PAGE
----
So is it really so bad that she loves TV? Didn't we all grow up loving TV? I can't remember a time in my life when TV wasn't a part of it. Scooby Doo, The Flintstones, G.I. Joe, The Smurfs, Bugs Bunny, The Golden Girls, The Facts of Life, The Cosby Show, Family Ties, Cheers, Friends, Seinfeld, Wings, 90210 (the original), The sister and I used to skip Sunday night church and go watch The Simpsons at our old babysitter's house. (Sorry, Dad). T and I would have weekly viewing nights for Buffy the Vampire Slayer and South Park. TV was and is a huge part of our lives.
 I consider myself a reasonably intelligent person; I'm a college graduate. My husband has his PhD. The TV in our home is turned on every day. I cannot name a single Real Housewife and think the Kardashians are the most boring people on the planet. I'm pretty selective on what reality shows I watch (mostly the ones with food in them.)  
Try to remember the last time you didn't have access to a TV. Chances are you were camping and pretty miserable.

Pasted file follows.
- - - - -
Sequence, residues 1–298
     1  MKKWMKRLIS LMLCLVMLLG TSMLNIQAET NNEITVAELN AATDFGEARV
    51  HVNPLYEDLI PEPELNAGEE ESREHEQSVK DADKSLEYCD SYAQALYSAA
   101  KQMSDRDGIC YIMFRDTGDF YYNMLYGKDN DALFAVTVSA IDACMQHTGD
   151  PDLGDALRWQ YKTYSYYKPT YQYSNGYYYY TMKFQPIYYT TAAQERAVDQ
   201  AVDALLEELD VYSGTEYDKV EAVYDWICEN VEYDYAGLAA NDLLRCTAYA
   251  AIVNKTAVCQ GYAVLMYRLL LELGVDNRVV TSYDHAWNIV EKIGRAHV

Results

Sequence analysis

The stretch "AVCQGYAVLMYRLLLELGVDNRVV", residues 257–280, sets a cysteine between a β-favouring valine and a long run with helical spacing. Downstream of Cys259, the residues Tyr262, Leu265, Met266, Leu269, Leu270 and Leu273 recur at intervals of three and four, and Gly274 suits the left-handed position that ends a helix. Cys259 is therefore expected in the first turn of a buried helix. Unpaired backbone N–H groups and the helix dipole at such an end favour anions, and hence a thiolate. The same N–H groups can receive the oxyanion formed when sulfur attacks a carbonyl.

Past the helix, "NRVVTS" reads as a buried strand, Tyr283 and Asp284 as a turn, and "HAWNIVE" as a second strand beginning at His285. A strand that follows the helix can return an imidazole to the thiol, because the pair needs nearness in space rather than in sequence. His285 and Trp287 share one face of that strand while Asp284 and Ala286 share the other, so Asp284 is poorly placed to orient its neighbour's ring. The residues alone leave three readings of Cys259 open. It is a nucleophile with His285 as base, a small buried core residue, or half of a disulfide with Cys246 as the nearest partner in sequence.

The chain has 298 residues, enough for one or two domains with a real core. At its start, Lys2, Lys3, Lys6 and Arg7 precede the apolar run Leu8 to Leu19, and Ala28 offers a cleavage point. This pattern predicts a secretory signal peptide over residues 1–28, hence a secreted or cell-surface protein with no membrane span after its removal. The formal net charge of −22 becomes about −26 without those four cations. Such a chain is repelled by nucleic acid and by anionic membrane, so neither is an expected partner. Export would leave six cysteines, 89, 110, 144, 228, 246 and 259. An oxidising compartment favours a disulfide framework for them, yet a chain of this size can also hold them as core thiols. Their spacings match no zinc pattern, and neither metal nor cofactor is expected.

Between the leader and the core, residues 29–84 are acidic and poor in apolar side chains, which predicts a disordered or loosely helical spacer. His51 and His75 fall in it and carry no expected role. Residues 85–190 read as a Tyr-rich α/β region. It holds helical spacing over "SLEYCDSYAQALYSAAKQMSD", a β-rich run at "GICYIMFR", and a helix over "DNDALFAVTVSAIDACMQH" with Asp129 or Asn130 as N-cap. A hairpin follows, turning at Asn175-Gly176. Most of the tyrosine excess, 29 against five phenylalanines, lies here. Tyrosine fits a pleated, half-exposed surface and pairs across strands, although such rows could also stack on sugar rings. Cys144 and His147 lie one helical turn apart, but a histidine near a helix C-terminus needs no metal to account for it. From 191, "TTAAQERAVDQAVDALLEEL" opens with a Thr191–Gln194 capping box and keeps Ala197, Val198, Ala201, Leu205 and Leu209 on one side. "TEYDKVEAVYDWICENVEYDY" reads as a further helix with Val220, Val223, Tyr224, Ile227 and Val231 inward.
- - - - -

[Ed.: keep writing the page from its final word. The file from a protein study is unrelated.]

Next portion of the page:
Stefanie Wilder-Taylor describes "New Mommy Math" in her book Naptime is the New Happy Hour. If any mom says her child only watches one hour of educational TV a day, add two more hours to that. If she says her child watches zero TV, add six hours. It's amazing to me that we've been reduced to lying about something that is ubiquitous in every sense of the word.
The AAP recommends zero TV for children under two. They say talking, singing and reading to your child is far more important. I agree to a point. I would love nothing more than to sing to L.E. all day but being that I have just about the worst singing voice ever, I don't think she'd appreciate it that much. But Elmo singing about how much he loves his tricycle is just the thing for her. We still read to her as much as we can, which is seriously like ten books a day. (No New Mommy Math here!) But she loves to learn in as many different ways she can. Why isn't TV an acceptable learning tool? 
L.E. goes to a wonderful preschool where she learns an incredible amount every day. She tells me what she's learned that day and we keep the conversation going when she's at home. She knows her animals and her favorite foods. She even remembers her friends' names when they're not around. She sings about Five Little Monkeys and Little Bunny Foo-Foo (complete with bops on the head) and even does the appropriate arm movements. She dances her little heart out any chance she gets. She'll throw her arms up at me and we dance the sillies out together. 
But she didn't learn how to dance at daycare; that she learned from TV.